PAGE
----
The center also provides opportunities for staff to engage in various initiatives to reduce waste generation, and works with Mass General vendors to select reusable, rather than disposable, packaging.
Pillar Two: Create New Knowledge on the Inextricable Links Between the Environment and Health
Create research endeavors to understand health care’s impact on the environment and vice-versa
In order to continue learning about how health care services contribute to pollution and other environmental concerns, the center works with researchers across all specialties at Mass General to incorporate an environmental focus into research endeavors. It draws on the breadth of excellence at Mass General to advance sustainability in health care across the world.
The center encourages researchers to use facilities as incubator labs where they can develop and test new techniques and materials to reduce Mass General’s environmental footprint. The center serves to connect those interested in environmental-impact research at all levels of hospital-based, community or global health with appropriate collaborators, potential resources and routes for dissemination and publication of new data and approaches.
Pillar Three: Educate the Community on How to Live & Work Sustainably
Educate employees on the links between environmental pollution and human health
The connections between pollution (including climate change) and health are clear and scientifically proven. The center strives to limit community exposure through the development of educational materials for all Mass General employees, so that all understand the importance of these actions and feel empowered to identify, support and champion additional ways to improve institutional practices.
Pillar Four: Advocate for a Healthy Environment
Empower staff to advocate for a clean environment
Health care consistently ranks as one of the most trusted professions in the United States. Professionals in this field have a responsibility to use this position to advocate for public policies that improve the health of the community. In 2010, Mass General launched the Raising Environmental Awareness League to focus on sustainability efforts across the hospital. Many of these initiatives have been employee-generated ideas and employee-driven efforts to reduce total waste tonnage, increase recycling and reduce medical waste.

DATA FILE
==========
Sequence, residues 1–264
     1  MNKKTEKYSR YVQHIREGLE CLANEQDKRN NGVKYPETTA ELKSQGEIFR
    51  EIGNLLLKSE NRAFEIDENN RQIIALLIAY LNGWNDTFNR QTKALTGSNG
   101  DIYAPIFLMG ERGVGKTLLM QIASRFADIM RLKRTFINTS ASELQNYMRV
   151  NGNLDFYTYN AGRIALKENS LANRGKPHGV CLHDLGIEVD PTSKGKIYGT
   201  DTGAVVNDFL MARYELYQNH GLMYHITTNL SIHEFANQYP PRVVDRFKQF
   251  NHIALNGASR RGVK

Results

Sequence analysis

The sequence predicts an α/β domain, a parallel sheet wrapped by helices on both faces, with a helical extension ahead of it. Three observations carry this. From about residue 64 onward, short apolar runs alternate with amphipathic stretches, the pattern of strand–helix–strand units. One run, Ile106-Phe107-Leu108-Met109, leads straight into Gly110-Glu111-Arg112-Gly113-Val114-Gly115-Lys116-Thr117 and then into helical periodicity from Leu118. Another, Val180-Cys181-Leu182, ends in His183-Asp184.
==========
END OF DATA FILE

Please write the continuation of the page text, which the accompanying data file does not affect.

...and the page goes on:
The Mass General staff can be impactful advocates, and the Center for the Environment and Health is committed to empowering all staff to assume this role. The center also leverages Mass General’s influence to support environmental stewardship individually—through Mass General Brigham and with trusted community partners, such as the Environmental League of Massachusetts.
Provide trusted experts to government and media
Members of the Center for the Environment and Health are experts in the important links between the environment and human health as well as how to address the climate crisis and environmental pollution. As trusted advisors, we are able to share our expertise with political leaders, regulators and media sources so that public decisions can be made with the best science behind it.
Other Areas of Focus
Nearly 80% of employees who work at the main Mass General campus take public transportation, walk or bike to the hospital. Regardless, transportation amongst both staff and patients represents a large source of environmental pollution related to hospital operations. The center aims to ensure that all future development plans addresses multi-modal transportation and is coordinated with the City of Boston and Commonwealth of Massachusetts.
Plastic is the largest component of health care waste, and its ability to be productively recycled is severely limited. While initiatives to reprocess materials can be very beneficial, reductions and changes in practices ahead of production are much more beneficial. In the meantime, to reduce the environmental impact of that waste, the center works to support efforts that ensure recycling is maximally implemented at Mass General.
100% of Mass General’s electricity is derived from renewable sources. Therefore, in order to further improve the hospital’s environmental footprint, changes in its electrical loads aim to impact its resiliency and need for grid-free stand-alone generating capacity. To do this, the center is working to address plug loads and other electrical efficiencies in order to generate environmental benefits.
The Center for the Environment and Health works with leadership at Mass General to integrate environmental sustainability into the clinical, research and educational activities of the hospital.